Sep 25, 2023 - News

Freddie O'Connell turns focus to East Bank

A rendering showing people on a redeveloped East Bank.

A rendering of the proposed East Bank redevelopment: Image: Courtesy of the Metro Planning Department

Mayor-elect Freddie O'Connell won his new job, in part, by touting his opposition to the new $2.1 billion Titans stadium.

Why it matters: Now that he's in the corner office on the first floor of the courthouse, O'Connell will go about the work of ensuring the stadium and surrounding East Bank redevelopment project are successful.

State of play: The Titans financing is already in place, with the Sports Authority approving the issuance of $760 million in bonds in July.

What's next: O'Connell's administration will negotiate the contract with The Fallon Company and then seek approval of the deal with the Metro Council.

What we're watching: Key negotiation points will be how much of the infrastructure bill Metro covers and how much affordable housing is included in the deal. In its winning bid, The Fallon Company asked for $230 million in public funding for parking and other infrastructure costs.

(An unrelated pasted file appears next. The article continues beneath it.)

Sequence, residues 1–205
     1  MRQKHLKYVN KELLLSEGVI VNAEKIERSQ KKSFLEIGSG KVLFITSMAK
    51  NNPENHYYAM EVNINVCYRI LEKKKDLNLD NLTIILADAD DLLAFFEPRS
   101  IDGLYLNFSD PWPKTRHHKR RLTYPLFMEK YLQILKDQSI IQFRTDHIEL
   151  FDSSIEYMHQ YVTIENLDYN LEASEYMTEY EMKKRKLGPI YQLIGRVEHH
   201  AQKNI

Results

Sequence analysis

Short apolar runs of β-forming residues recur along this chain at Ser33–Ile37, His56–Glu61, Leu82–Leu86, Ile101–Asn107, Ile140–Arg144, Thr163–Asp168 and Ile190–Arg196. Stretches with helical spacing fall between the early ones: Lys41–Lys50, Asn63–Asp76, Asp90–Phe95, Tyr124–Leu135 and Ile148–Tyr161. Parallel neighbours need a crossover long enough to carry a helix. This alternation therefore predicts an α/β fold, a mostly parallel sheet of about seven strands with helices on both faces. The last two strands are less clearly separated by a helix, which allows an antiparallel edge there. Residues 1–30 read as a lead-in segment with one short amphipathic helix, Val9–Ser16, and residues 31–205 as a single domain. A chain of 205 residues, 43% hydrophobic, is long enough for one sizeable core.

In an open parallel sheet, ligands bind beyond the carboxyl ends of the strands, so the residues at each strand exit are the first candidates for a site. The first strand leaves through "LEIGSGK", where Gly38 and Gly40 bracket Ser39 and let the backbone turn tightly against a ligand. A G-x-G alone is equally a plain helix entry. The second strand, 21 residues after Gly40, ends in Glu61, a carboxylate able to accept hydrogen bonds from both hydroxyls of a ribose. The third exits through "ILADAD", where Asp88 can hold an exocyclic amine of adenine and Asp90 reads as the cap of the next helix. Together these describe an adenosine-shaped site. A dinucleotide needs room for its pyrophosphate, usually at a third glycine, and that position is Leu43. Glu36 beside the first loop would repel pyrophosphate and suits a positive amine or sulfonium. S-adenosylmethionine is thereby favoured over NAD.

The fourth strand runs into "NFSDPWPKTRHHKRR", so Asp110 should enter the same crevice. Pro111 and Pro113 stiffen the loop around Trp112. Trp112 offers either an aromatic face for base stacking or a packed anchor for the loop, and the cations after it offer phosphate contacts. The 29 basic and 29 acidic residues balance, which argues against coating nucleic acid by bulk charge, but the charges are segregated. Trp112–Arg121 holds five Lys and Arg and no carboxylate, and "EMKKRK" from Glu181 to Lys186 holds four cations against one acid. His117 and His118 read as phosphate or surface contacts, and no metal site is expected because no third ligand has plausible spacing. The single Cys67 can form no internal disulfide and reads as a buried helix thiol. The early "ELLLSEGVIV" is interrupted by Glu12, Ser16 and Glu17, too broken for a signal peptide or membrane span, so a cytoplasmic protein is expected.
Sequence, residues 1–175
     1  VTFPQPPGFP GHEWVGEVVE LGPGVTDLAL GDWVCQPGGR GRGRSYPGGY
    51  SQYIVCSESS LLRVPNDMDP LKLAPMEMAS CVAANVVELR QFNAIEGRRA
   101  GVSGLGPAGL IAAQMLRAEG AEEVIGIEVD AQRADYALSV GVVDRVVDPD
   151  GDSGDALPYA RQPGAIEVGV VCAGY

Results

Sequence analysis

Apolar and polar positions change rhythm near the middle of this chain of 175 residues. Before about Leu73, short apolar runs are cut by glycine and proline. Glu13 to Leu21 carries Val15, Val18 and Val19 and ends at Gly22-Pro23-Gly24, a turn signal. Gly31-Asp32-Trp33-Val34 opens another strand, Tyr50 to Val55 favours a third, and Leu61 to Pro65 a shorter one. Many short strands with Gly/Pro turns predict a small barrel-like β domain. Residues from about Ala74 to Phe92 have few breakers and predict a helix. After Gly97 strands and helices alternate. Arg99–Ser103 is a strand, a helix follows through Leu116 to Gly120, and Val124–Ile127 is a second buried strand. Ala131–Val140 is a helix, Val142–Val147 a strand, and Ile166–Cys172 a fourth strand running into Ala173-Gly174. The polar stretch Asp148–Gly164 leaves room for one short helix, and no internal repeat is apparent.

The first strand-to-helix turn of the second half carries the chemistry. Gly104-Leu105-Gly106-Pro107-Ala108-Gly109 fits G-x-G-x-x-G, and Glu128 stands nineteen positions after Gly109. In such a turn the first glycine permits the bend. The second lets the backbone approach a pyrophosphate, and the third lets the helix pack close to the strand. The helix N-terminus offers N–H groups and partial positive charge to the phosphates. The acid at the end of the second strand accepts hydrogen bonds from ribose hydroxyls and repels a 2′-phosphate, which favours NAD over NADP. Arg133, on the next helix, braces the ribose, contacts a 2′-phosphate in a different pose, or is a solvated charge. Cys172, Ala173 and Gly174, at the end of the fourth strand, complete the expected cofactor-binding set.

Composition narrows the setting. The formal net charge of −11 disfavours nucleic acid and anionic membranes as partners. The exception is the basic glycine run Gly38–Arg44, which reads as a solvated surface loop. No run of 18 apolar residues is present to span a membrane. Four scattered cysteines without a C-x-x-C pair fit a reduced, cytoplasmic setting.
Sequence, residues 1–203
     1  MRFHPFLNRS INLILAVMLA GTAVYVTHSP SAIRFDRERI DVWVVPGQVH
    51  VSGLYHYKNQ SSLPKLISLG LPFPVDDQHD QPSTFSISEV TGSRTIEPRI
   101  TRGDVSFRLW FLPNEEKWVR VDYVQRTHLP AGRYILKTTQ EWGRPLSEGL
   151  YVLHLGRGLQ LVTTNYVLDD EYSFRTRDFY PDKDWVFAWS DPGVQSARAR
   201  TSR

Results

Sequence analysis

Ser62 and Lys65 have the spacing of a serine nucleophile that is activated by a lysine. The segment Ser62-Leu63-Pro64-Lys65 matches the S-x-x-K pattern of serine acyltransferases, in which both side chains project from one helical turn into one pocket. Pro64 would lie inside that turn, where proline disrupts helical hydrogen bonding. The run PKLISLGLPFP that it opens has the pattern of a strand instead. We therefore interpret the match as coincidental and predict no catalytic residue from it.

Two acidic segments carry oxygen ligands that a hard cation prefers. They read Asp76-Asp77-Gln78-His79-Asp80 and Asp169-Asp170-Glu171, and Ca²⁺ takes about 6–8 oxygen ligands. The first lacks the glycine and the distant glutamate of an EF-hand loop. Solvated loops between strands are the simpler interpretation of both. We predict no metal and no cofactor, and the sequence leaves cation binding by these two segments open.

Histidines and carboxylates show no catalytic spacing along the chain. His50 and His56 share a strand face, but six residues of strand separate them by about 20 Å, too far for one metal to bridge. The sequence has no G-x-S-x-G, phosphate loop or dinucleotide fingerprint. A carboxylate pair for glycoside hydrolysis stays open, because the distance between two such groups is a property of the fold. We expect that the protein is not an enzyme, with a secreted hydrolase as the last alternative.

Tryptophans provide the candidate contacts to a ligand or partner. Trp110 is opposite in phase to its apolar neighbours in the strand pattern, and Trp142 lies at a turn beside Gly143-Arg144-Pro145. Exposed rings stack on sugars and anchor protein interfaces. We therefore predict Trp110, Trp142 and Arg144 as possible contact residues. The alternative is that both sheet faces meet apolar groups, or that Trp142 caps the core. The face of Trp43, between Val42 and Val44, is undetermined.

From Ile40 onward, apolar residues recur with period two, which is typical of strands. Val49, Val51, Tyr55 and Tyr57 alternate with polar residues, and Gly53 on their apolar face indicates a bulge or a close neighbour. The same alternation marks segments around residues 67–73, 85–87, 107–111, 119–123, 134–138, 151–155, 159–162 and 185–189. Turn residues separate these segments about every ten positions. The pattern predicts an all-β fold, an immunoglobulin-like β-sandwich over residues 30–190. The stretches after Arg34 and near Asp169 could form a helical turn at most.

• The firm is proposing 1,095 out of 1,590 housing units are affordable. But those numbers are just starting points.

Plus: Once the East Bank deal is approved, stakeholders will turn their attention south to the PSC Metals property. It doesn't make sense for a redeveloped riverfront to be bordered by a massive and ugly scrap metal yard.

  • But the last several Nashville mayors failed to relocate PSC because it is a complicated and expensive proposition.

What he's saying: O'Connell is a planning wonk, and the fine points of the Imagine East Bank master plan — like a transit hub, bike lanes, green space and affordable housing — are right in his wheelhouse.

  • "Now we negotiate," O'Connell tells Axios. "OK, they've come to the table with some targets for affordable housing. How do we put those into a concrete deal?"
  • "There are just a lot of details to work out before we can meaningfully bring something to council. This is where you think in 25- to 100-year terms about what will be great over there?"

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